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Consolidation, deals can save parents, new grads on loans

Updated: May 3, 2013 12:14PM

Originally published: May 27, 2004

There’s good news for millions of college student-loan borrowers and recent graduates. In spite of the trend toward higher interest rates, student-loan rates will take a slight dip starting July 1.

Whether you’re a new borrower or a recent graduate, that makes for some enticing deals. Student-loan rates are reset every year on July 1, based on the auction of 91-day Treasury bills held the last week in May. The rates set at this week’s auction, while higher than just months ago, are still below the rates at this time last year.

The rate on existing Stafford loans issued after July 1, 1998, will automatically be reset to 2.77 percent if you’re still in school, or in a grace or deferment period. And if you’re already repaying a Stafford loan, the rate will be reset to 3.37 percent, down .05 percent from last year. Rates on PLUS (parent) loans will fall to 4.17 percent.

PLUS loans are made to parents regardless of need, while Stafford loans are based on financial need. More than 7 million students and families will take out an expected $52 million in new loans this year, and these lower rates will save them a small but significant amount on their interest payments.

Real opportunity

But the real opportunity to take advantage of these lower rates comes for students who are about to graduate or who have graduated recently with loans taken out since 1998.

Every student borrower has a once-in-a-lifetime chance to consolidate student loans and lock in the rate. And if you take advantage of all the special deals now being offered, you can bring your eventual repayment rate down to 1.62 percent!

Students who graduate this spring don’t have to start repaying their loans immediately. As noted above, every year the rate on those loans will be reset. But if you act now to get the consolidation process going, you can lock in a very low rate of 3.37 percent for the life of the loan, starting July 1. That’s down from the current 3.5 percent consolidation rate.

But that’s just the start of the opportunity.

If you consolidate your loans within six months of graduation, the loan consolidators will knock an additional half a percentage point off your loan rate, bringing it down to 2.87 percent.

You can do better if you agree to have your payments taken automatically out of your checking account every month. If you sign up for that program, they’ll cut your rate by another quarter of one percentage point, bringing it down to 2.62 percent.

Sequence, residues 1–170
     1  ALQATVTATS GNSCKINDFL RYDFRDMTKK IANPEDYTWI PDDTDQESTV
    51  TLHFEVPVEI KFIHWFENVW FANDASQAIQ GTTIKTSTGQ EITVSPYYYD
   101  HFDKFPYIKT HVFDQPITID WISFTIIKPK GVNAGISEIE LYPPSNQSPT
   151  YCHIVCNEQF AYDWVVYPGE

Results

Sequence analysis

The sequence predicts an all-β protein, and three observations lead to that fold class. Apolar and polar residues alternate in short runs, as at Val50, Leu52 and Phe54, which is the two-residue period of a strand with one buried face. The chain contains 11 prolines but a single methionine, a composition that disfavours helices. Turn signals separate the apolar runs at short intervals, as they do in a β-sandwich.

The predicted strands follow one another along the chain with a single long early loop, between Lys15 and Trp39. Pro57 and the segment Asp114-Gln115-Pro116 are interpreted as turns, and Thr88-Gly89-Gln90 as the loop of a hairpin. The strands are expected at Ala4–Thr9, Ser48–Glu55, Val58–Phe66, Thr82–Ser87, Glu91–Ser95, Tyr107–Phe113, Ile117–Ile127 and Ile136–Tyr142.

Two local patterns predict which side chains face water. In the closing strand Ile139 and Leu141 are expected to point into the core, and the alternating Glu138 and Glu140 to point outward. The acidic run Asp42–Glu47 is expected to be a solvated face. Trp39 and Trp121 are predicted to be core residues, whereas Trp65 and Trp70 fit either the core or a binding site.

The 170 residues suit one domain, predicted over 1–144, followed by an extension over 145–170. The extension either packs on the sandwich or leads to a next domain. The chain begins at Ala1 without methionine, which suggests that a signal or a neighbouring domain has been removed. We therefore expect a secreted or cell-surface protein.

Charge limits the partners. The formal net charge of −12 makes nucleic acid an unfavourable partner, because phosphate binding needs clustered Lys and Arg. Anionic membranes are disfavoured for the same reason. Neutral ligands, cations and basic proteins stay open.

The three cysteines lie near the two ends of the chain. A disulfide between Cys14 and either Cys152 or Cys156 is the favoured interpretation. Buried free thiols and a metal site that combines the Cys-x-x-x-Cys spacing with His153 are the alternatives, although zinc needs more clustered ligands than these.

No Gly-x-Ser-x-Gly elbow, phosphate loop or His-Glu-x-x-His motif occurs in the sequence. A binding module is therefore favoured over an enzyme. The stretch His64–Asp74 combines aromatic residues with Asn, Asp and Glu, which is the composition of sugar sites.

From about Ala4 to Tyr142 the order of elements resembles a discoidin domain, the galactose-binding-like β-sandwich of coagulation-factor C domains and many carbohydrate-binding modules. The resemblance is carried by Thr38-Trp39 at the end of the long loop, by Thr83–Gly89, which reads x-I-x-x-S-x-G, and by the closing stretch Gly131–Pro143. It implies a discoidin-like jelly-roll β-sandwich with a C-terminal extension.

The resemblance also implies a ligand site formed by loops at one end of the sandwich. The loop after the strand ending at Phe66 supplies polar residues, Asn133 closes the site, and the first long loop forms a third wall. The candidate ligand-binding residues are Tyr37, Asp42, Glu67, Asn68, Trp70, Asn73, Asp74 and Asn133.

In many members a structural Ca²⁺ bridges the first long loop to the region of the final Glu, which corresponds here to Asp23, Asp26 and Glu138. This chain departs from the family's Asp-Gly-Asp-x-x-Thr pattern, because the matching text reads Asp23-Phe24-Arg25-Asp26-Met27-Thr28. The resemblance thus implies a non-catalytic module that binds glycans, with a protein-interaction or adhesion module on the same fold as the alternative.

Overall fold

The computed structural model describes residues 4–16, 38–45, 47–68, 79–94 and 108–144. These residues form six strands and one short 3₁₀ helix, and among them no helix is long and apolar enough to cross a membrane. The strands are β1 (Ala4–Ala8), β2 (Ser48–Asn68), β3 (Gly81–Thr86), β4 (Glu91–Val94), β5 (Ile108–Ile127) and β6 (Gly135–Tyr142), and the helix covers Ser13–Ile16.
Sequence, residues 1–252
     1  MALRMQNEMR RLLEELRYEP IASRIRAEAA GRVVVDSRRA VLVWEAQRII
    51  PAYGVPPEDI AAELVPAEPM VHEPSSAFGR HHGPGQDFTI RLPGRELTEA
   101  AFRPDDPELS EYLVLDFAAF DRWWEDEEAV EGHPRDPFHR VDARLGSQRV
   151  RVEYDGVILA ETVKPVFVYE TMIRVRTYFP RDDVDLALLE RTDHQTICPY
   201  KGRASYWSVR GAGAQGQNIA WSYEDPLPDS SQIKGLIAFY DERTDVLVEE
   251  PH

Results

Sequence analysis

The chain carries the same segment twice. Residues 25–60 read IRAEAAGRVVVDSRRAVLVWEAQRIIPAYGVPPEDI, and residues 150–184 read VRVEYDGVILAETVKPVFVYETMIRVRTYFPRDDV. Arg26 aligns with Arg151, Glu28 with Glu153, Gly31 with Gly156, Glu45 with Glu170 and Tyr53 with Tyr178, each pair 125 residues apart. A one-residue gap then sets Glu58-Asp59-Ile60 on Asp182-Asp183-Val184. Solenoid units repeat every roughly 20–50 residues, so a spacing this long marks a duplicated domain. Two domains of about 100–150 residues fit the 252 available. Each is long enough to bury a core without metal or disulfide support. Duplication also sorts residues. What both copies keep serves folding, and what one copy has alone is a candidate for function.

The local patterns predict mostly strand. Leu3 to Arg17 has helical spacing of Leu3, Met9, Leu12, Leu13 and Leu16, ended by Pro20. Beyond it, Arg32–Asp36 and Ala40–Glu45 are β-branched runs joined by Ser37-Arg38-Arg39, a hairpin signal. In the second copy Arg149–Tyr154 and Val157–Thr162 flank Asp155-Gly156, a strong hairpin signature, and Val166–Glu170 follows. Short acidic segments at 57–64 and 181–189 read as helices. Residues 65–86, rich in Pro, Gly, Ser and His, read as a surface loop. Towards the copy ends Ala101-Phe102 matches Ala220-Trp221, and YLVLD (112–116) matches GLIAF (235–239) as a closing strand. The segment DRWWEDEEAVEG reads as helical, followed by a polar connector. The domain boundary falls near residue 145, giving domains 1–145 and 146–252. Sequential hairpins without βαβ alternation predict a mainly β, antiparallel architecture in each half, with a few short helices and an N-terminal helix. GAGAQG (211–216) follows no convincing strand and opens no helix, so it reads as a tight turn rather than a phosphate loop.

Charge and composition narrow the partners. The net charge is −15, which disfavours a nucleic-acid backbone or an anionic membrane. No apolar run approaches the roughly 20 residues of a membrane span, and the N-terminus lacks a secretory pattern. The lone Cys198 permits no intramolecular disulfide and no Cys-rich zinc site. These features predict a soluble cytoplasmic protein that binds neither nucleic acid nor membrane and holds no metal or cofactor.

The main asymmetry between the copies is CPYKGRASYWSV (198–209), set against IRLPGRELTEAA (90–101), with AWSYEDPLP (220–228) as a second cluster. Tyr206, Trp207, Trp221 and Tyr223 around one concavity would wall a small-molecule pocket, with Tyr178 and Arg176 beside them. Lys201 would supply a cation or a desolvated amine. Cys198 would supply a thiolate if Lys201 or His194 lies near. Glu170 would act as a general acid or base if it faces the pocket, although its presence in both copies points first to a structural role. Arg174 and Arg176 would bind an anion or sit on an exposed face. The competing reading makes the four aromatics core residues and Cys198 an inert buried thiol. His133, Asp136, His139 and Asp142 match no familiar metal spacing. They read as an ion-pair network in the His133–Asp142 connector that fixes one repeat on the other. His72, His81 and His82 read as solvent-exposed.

And if you make your payments on time for three full years, most consolidators will give you an additional one-percentage-point discount, so you could ultimately be paying only 1.62 percent in your final years of student loan repayment.

Now let’s look at the cash flow numbers for a $10,000 loan. If you’re paying 2.62 percent, your monthly payment is $95 for every $10,000 owed, assuming a 10-year payback period. If you get the three-year on-time discount, your monthly payment drops to only $90 a month.

If you consolidated that same $10,000 loan three years ago at a rate slightly below 6 percent, your monthly payment (without the special deals) would have been $111 on a 10-year basis. That extra $20 might not seem like much for one month, but it sure adds up over the 120 months of a 10-year repayment program.

How to consolidate

The first step in consolidating is to contact one of your lenders or go to one of the Web sites listed below. You can consolidate if you haven’t done a consolidation before. If your loans were issued before 1998, the rates will be slightly higher than those shown above. As with all federal dealings, the paperwork is complicated. You have nothing to lose by starting early, since you can specify that you’re waiting for the new, lower rate on July 1.

* or (800) 448-3533

* or (888) 423-7562

* (800) 2COLLEGE

The consolidation process gives you one more choice: the length of your repayment program. With these low rates, it’s tempting to stretch out the term, and use leftover income to pay down more expensive, floating-rate credit-card debt.

The answer is to do both! The time will soon come when you want to be debt-free to buy a home or start saving for your own children’s college expenses. Then you’ll be happy your student loans are paid off. That’s the Savage Truth.

Terry Savage is a registered investment adviser, and appears weekly on WMAQ-Channel 5’s 4:30 p.m. newscast. Distributed by Creators Syndicate.

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